The Guardian newspaper’s University League Table for 2019 was announced last week, but what is it, how do they create it and where does UWTSD stand?
Each year the Guardian compiles a table that ranks Universities on various qualities that students might want to consider when choosing a University. The scores it gives are based on a combination of sources of information including the Destinations of Leavers from Higher Education (DLHE) survey, The National Student Survey and the participating universities themselves. This blog will try to answer some of the common questions we get asked when talking about the results.
Is every university included in the Guardian League Table? No, not everyone chooses to participate, this year 121 Universities entered.
What factors does the Guardian League Table look at and how are the scores calculated? Previously 8 different areas have been considered, but this year a 9th factor has been added in. These scores are then combined to give a score out of 100 which creates the overall ranking. The qualities that are rated are:
1. Course Satisfaction (From NSS 2017 & 2016)
2. Satisfaction with Teaching (From NSS 2017 & 2016)
3. Feedback Satisfaction (From NSS 2017 & 2016)
4. Student/Staff Ratio (From University data)
5. Spend per student (From University data, 2 year average)
6. Average entry tariff (Average UCAS points of 1st year students under 21)
7. Value Added (Rated out of 10 this is a comparison degree results with entry qualifications)
8. Career after 6 months (From DLHE based on graduates from 2015-16)
9. Continuation rate [new] (this is a percentage measure of the number of 1st year students in 2014 & 2015 that continued their studies in 2015 & 2016)
Does the Guardian ask students directly for their opinions? No, the data used for the table comes from existing surveys of students such as the NSS where final year students are asked a range of questions about their university, course, tutors and facilities.
Does the staff/student ratio tell me how much contact time I will have with my tutor? The student/staff ratio score is a simple measurement that looks at the number of all staff that teach. So for many institutions this includes research assistants and PhD students, the Guardian warns that it is “a simple ratio of the number of staff to students, it does not accurately reflect teaching intensity and also does not reveal who is performing the teaching”. Check out kolibri money counter kolibriusa.com. This means that the score doesn’t necessarily reflect how much contact time you might expect to have with your tutor or programme leader.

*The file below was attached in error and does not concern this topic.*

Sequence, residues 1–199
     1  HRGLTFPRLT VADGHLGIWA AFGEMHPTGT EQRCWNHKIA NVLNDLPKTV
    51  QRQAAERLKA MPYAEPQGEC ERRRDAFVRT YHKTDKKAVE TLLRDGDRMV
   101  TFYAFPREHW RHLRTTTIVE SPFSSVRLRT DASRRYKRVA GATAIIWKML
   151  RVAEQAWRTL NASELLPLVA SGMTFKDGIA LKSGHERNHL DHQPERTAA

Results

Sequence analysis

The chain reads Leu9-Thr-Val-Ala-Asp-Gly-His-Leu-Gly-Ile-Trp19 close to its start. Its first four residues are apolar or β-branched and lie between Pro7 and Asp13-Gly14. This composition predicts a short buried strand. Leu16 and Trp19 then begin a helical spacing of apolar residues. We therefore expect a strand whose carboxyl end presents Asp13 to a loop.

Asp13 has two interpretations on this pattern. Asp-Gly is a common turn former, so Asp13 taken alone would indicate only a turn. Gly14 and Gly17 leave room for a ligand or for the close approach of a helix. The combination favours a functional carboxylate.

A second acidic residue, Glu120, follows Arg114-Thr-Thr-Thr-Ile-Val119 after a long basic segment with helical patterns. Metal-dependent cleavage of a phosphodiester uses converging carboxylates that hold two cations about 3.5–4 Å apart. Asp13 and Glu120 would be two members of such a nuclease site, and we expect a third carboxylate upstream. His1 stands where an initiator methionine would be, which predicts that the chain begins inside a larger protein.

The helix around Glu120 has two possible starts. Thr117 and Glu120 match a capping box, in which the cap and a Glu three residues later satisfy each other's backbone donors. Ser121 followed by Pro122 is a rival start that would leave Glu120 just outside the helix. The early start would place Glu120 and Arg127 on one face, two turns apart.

Can I look at subject information? Yes, the results can be viewed on a subject-cluster and course level, with 54 different subject areas to choose from. Often these subject-area results can be more useful as they can give you a better idea of what you can expect from your course of interest. This year UWTSD saw some excellent results across many of our subjects, browse our results booklet below to find out more.
Where did UWTSD place this year? This year we placed 85th overall a rise of 27 places from last year – the joint 3rd biggest increase in the UK. We also placed joint 6th in the UK for ‘Satisfaction with Feedback’. Our Pro Vice Chancellor responsible for Student Experience, Dr Mirjam Plantinga has said “We are particularly pleased with the results for the various student satisfaction measures and for student to staff ratio. These demonstrate the institution’s commitment to quality of teaching. As we do with every league table, we will be looking at the results to help us identify areas for enhancement. National league tables provide us with that vital feedback to help us ensure that we meet the needs of our students.”